Featured Research

from universities, journals, and other organizations

Breakthrough In Bubble Research At Bath

Date:
September 8, 2009
Source:
University of Bath
Summary:
A researcher from the University of Bath has found a new approach to an old geometric problem of modeling the most efficient way of packing shapes to form a foam. The discovery is not only making waves in the mathematical world, but could also lead to medical advances in creating hip replacements and replacement bone tissue for bone cancer patients.

Ruggero Gabbrielli has developed a new technique for mathematically modelling the structure of foam.
Credit: Image courtesy of University of Bath

A researcher from the University of Bath has found a new approach to an old geometric problem of modelling the most efficient way of packing shapes to form a foam.

The discovery is not only making waves in the mathematical world, but could also lead to medical advances in creating hip replacements and replacement bone tissue for bone cancer patients.

The ‘Kelvin problem’, posed by Lord Kelvin in 1887, was to find the most efficient way of splitting space into cells of equal volume with the least area of surface between them.

Kelvin’s solution to the problem was a honeycomb of truncated octahedrons - shapes with six square faces and eight hexagonal faces.

A better solution was devised by physicists Weaire and Phelan at Trinity College Dublin who created a honeycomb structure which inspired the striking architecture of the Water Cube aquatic centre that featured in the 2008 Beijing Olympics.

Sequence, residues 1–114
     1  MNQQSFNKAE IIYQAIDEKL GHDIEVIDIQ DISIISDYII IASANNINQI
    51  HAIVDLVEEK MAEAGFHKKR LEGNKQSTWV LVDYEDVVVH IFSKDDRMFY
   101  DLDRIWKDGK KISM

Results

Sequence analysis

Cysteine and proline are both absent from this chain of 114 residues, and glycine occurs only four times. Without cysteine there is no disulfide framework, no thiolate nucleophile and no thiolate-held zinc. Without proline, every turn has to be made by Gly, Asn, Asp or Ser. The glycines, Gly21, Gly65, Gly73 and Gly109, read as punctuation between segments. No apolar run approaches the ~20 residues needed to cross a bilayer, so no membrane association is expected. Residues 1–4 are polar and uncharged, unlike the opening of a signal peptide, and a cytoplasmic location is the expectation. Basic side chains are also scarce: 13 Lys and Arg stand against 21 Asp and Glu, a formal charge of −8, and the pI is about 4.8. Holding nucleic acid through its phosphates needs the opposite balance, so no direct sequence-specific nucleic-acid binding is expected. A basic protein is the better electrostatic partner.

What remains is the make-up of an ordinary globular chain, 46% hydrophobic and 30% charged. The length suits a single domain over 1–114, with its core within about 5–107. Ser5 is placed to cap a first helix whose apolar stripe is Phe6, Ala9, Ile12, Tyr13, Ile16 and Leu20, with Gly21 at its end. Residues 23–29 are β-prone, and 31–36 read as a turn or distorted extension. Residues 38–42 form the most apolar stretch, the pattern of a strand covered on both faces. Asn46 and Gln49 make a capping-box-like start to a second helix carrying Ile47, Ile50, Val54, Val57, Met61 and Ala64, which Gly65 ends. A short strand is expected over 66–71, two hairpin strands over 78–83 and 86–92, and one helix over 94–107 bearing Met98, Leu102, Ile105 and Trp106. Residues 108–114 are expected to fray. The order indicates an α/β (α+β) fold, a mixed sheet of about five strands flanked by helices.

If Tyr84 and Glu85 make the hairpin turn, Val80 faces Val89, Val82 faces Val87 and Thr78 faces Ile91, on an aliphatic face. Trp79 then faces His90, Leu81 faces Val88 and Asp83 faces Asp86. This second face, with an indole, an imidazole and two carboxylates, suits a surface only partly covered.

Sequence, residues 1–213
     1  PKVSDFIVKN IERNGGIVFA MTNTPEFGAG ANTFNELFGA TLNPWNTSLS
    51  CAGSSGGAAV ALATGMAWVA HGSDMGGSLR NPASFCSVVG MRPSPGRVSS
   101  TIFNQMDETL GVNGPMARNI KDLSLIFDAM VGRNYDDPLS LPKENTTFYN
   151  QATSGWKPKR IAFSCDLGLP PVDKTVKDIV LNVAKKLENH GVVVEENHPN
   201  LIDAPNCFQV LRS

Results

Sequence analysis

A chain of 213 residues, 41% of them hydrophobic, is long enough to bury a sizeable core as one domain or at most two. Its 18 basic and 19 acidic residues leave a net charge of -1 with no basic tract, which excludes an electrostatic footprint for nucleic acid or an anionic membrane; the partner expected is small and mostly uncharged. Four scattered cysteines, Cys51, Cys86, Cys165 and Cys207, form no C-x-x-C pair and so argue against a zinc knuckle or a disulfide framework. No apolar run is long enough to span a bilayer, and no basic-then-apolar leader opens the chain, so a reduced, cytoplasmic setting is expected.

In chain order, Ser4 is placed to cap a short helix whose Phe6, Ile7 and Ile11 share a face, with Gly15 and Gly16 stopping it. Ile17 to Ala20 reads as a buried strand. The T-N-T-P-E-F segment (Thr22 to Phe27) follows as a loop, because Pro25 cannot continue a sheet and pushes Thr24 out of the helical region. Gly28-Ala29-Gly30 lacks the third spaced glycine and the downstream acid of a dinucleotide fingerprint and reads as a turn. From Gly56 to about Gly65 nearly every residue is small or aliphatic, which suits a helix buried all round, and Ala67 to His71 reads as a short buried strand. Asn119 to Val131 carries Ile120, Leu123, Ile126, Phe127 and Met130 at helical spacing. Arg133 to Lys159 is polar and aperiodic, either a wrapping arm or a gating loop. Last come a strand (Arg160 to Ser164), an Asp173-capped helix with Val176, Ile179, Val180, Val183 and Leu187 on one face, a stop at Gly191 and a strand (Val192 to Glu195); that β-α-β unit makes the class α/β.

The Weaire-Phelan structure is composed of two different shapes: an irregular pentagonal dodecahedron (12-faced polyhedron) and a polyhedron with 14 faces.

Whilst studying the honeycomb-like structure of bone replacement materials for his PhD in Mechanical Engineering at the University of Bath, Ruggero Gabbrielli devised a different way of mathematically modelling foams. His structure is instead composed of four different shapes that fit together.

Whilst this new shape doesn’t beat the Weaire-Phelan structure in terms of packing efficiency, the methods he used are a new way of approaching the problem and could ultimately lead to a better solution to the Kelvin problem.

Ruggero, who has now completed his PhD and is continuing his research at Swansea University, explained: “I’m hoping that the method will lead to an even better solution of the Kelvin problem or to a proof of the Weaire-Phelan structure optimality.

“The method uses a partial differential equation, well-known in two-dimensional pattern formation. The novelty is that I’ve applied it to a three-dimensional problem to model the shape of foams.”

The structures he has made are also much closer to the structures of the foams found in nature.

His structure and methods, published in Philosophical Magazine Letters, have already grabbed the attention of mathematicians, chemists and physicists across the world.

Ruggero was recently invited to the USA and to Australia to talk about his new structure and discuss his methods with top mathematicians.

He said: “The journey to Pennsylvania was fantastic. In two weeks I met with two of the greatest mathematicians in the US - Thomas Hales and Ken Brakke - and the physicist Randall Kamien at the University of Pennsylvania.”

Physicists Barry Ninham and Stephen Hyde then invited him to Canberra, where the structure was shown to a broader audience.

Ruggero said: “It’s not just about bubbles. Three-dimensional patterns spontaneously arise in many systems nature designed.”

The project was part-funded by a grant from the IDEAS Factory, a scheme from the Engineering & Physical Sciences Research Council that encourages collaboration between researchers from different disciplines.